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Former Chief Inspector Of Prisons To Receive Honorary Degree

 Nick held the role of HM Chief Inspector of Prisons from 2010 until January this year, taking responsibility for providing independent scrutiny of detention in England and Wales through carrying out announced and unannounced inspections of detention facilities, including prisons, young offenders’ institutions, police cells and immigration detention. 
 
Throughout his tenure as Chief Inspector, Nick was an outspoken critic of the conditions he found in prisons, being described by former Chief Inspector, David Ramsbothem, as a ‘fearless reporter of the facts’.


 
Nick will be awarded an Honorary Doctorate of Laws at 5pm on Wednesday 27 July, for his contribution to law.
 
Speaking ahead of his award, Nick said: “I am delighted to receive this honour from Leeds Beckett University particularly because of their innovative and inclusive approach to research in prisons which is helping us understand – and change - what happens behind the walls.”
 
Nick began his career in the voluntary sector, working with young offenders for NACRO, the National Association for the Care and Resettlement of Offenders, and leading Centrepoint, a charity and housing association for young homeless people, from 1986 to 1995.

In 1992, he was seconded to the Department of Environment where he worked as a special adviser to the then-Housing Minister, Sir George Young, before becoming Chief Executive of the Refugee Council in 1995.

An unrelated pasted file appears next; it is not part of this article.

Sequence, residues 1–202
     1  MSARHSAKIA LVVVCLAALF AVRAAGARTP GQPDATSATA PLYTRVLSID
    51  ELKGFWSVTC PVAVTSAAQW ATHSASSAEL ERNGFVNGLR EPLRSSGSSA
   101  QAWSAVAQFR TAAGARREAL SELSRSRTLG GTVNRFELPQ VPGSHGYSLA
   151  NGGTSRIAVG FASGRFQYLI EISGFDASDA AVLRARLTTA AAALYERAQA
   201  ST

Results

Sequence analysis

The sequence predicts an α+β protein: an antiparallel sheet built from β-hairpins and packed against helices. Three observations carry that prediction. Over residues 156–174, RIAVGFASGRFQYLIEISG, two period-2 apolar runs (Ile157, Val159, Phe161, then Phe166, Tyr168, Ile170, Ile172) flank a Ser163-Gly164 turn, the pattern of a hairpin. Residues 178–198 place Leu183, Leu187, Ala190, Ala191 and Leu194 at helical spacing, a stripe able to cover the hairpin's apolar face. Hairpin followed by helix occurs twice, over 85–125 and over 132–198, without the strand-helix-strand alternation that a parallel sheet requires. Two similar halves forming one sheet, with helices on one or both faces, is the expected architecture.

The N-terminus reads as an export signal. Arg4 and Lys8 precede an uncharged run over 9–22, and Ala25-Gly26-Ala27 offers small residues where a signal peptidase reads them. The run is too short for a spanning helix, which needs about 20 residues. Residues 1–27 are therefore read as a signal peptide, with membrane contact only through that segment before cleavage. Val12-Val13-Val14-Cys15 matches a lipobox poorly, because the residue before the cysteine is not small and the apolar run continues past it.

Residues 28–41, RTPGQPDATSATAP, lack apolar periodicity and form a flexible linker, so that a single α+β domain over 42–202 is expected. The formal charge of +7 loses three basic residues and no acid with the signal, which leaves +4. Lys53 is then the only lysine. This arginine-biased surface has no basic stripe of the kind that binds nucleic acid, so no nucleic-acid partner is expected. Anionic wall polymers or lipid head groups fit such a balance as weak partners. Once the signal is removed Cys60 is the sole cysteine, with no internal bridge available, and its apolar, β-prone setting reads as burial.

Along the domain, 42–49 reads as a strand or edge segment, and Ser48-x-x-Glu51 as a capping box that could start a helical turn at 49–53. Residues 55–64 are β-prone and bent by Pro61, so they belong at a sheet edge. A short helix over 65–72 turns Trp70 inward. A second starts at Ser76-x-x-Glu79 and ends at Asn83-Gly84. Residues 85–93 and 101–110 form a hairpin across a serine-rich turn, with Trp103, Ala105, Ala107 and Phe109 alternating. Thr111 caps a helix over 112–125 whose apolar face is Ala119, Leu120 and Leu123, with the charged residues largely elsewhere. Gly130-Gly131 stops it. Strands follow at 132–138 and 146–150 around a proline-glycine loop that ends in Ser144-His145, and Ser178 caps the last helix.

Nick progressed to become the first Chair of the Independent Police Complaints Commission in 2003 and was awarded a CBE for his work in 2010. He was Chair of the Housing Ombudsman Service between 2010 and 2013.
 
Alongside his appointments, Nick has been involved in many voluntary organisations concerned with young people, offenders and refugees. He is currently Chair of the New Horizon Youth Centre, a day centre which works with young people who are vulnerable, homeless or at risk, helping them to create positive futures.
 
Nick is also a trustee of Prisoners Abroad, a human rights organisation which cares for the welfare of all British citizens held in foreign prisons, and he has served on the boards of many other charities concerned with homelessness, refugees and prisons.
 
He is now Professor of Criminal Justice at Royal Holloway, University of London, and Chair of the Parole Board, an independent body carrying out risk assessments on prisoners to determine whether they can be safely released into the community.
 
Leeds Beckett University Chancellor, Sir Bob Murray CBE, said: “Nick has been a great supporter of our University’s Prison Research Network since its launch in April 2015, where Nick presented the keynote lecture. We welcomed him once again to Leeds Beckett later in the year to speak at the Prisoner Learning Alliance second annual conference, sharing his vision of an aspirational prison.
“We are delighted to recognise Nick’s contribution to law with this Honorary Doctorate and are very much looking forward to hearing him share his wealth of knowledge with our students at graduation.”

     
   
 
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